Sunday, September 5, 2010

Ada Lum MeiMei and DiDi in Silk

Ada Lum Brother & Sister in silk clothes

MeiMei or "Little Sister"

DiDi or "Little Brother"

Tuesday, August 24, 2010

Hakka Doll

The Hakka people are said to have migrated South from north central China in as early as the 1400s due to times of wars and famine. Not being the original peoples of the lands they came to inhabit; they were known as the "guest people," which is the meaning of Hakka (in Chinese 客家 Kejia). Hakka communities can be found in Guandong, Jiangxi, Fujian, as well as other parts of China (including, of course, Hong Kong), all around the South China Sea, and even in Australia and the US. One article I read, referred to them as the gypsies of China.* The Hakka of the mid-1900's were a unique people... due in part to speaking their own dialect, not practicing footbinding of women, in a fondness for education, and in their unusual living structures and cuisine. Though known for their hospitality, some Hakka clans previously resided in round fortress-type multi-story, earth homes called tulou. A tulou could house hundreds of individuals all sharing a common family name. The Hakka people were typically farmers, though there may have been fisherman among them as well. Hakka women worked the fields while the men sought jobs in the cities or as soldiers. Hakka cuisine is notoriously different, as the people are said to "have made an art of salting and preserving ingredients (pickling), as well as developing tasty dishes from whatever cheap produce was available." Their more well known dishes include: ja dai cheung (deep-fried intestines), yim guk gei (salt-baked chicken), and poon choy (literally dinner in a bucket)." (*Lonely Planet: World Food Hong Kong by Richard Sterling and Elizabeth Chong, 2001, p25) Some internationally recognized Hakka include actor Chow Yun-Fat and former government leader of the People's Republic of China Deng Xiaoping. There are actually many others as well. These "guest people," though often left with the least desirable land, living in poverty, and looked down upon; seem to have a persistent, patient will to triumph over their circumstances.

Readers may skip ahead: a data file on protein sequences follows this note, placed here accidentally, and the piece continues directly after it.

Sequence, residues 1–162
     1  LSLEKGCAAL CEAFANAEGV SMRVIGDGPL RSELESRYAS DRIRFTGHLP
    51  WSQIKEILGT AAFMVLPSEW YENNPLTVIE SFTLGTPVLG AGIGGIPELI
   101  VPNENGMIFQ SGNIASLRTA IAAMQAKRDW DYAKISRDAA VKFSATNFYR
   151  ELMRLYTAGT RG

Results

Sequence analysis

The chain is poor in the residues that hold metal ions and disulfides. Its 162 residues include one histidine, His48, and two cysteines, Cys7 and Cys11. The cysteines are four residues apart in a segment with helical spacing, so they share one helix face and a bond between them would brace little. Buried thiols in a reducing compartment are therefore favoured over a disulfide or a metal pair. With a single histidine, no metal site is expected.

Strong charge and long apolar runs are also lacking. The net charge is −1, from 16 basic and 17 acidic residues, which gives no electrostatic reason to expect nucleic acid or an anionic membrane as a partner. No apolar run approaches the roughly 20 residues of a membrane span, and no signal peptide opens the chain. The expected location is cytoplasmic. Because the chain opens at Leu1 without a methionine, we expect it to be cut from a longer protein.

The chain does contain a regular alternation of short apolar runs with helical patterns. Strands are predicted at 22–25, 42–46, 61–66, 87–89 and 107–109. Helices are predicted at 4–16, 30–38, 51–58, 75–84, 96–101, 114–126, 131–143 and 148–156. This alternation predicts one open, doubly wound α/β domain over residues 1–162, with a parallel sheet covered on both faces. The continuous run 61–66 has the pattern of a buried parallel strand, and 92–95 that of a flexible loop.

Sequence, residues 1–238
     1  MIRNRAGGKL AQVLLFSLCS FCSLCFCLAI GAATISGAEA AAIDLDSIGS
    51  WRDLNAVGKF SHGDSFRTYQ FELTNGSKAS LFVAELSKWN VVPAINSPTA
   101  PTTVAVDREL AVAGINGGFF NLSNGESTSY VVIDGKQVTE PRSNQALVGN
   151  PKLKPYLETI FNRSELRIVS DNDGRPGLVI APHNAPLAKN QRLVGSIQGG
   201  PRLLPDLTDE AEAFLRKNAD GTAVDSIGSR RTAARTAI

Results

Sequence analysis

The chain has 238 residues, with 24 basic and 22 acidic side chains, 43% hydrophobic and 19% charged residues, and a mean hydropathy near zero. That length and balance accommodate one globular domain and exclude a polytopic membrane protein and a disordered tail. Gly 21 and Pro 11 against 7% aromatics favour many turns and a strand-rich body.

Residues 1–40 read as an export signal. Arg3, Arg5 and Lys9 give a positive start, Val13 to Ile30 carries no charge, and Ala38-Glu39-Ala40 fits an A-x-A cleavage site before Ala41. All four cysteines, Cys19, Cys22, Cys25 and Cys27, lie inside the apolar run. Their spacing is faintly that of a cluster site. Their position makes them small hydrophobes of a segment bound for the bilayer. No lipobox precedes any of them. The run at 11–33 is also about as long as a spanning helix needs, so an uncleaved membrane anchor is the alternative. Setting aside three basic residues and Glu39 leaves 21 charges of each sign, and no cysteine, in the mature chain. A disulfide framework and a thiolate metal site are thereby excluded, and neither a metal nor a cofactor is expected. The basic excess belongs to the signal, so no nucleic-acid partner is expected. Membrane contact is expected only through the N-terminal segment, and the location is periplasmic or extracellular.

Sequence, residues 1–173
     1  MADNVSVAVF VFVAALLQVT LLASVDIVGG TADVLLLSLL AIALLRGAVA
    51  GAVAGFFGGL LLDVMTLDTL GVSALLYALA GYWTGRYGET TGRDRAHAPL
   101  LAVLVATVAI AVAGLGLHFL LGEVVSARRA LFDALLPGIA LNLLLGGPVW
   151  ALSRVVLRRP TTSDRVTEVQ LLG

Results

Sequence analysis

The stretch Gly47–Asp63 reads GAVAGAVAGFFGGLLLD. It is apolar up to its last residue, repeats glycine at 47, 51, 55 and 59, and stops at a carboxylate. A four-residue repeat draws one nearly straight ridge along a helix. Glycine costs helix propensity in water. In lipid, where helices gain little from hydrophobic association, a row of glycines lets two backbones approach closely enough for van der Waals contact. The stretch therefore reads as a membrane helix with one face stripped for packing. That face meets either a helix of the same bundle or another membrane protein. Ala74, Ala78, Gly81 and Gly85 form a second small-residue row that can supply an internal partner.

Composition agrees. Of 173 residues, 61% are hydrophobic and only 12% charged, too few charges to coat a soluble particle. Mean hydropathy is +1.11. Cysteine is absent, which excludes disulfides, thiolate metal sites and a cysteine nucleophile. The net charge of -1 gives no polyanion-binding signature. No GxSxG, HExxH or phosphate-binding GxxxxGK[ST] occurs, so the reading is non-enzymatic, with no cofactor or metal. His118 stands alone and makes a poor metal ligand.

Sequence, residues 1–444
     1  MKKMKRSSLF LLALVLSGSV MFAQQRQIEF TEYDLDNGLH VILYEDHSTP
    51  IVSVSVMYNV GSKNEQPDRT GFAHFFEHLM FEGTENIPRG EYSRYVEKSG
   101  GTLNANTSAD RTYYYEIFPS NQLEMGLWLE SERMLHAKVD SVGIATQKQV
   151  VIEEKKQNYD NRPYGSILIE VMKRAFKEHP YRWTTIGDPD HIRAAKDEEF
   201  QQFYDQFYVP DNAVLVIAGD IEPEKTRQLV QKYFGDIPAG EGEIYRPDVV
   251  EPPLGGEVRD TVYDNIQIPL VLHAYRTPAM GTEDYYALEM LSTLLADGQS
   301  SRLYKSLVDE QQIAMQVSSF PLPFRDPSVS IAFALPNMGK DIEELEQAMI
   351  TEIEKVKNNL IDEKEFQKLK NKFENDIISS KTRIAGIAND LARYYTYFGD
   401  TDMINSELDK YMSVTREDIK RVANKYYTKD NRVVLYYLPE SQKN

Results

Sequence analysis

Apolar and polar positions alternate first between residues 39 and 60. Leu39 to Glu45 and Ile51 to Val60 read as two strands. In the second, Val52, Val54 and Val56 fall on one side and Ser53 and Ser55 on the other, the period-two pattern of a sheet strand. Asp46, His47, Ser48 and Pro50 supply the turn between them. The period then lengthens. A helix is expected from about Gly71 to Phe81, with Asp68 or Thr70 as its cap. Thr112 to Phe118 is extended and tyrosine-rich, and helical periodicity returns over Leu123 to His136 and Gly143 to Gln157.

Clearly, Hakka people were a special and distinct part of the cultural diversity that was Hong Kong during the time that linen crafter, business woman, and dollmaker Ada Lum made her life there; as seen in one of her following creations....

Information gleaned from:
Lonely Planet: China's Southwest
by Damian Harper, 2007, p372
More information about the tulou can be found in:
Lonely Planet: China by Damian Harper et al, 2005, p340
Frommer's China by Simon Foster et al, 2010, p533
Wikipedia: Hakka People

Monday, May 17, 2010


I haven't posted here in such a long time primarily for two reasons: my doll collection is housed in the states and I really don't have very good images to share with you; and it's just hard to find the information I'm searching for. I do have a little bit more on Ada Lum, but have not found the time of energy to work it into a post-able format. I leave you with these photos of one of my mystery dolls. He looks so much like a Lum doll, though somewhat smaller; and carries the attached tag "Sun Wong Doll" and a stamp "Made in Formosa" (Formosa is an old name for Taiwan).

Note the split pants

If you have any knowledge of this doll I would love to hear it.

Modern Dolls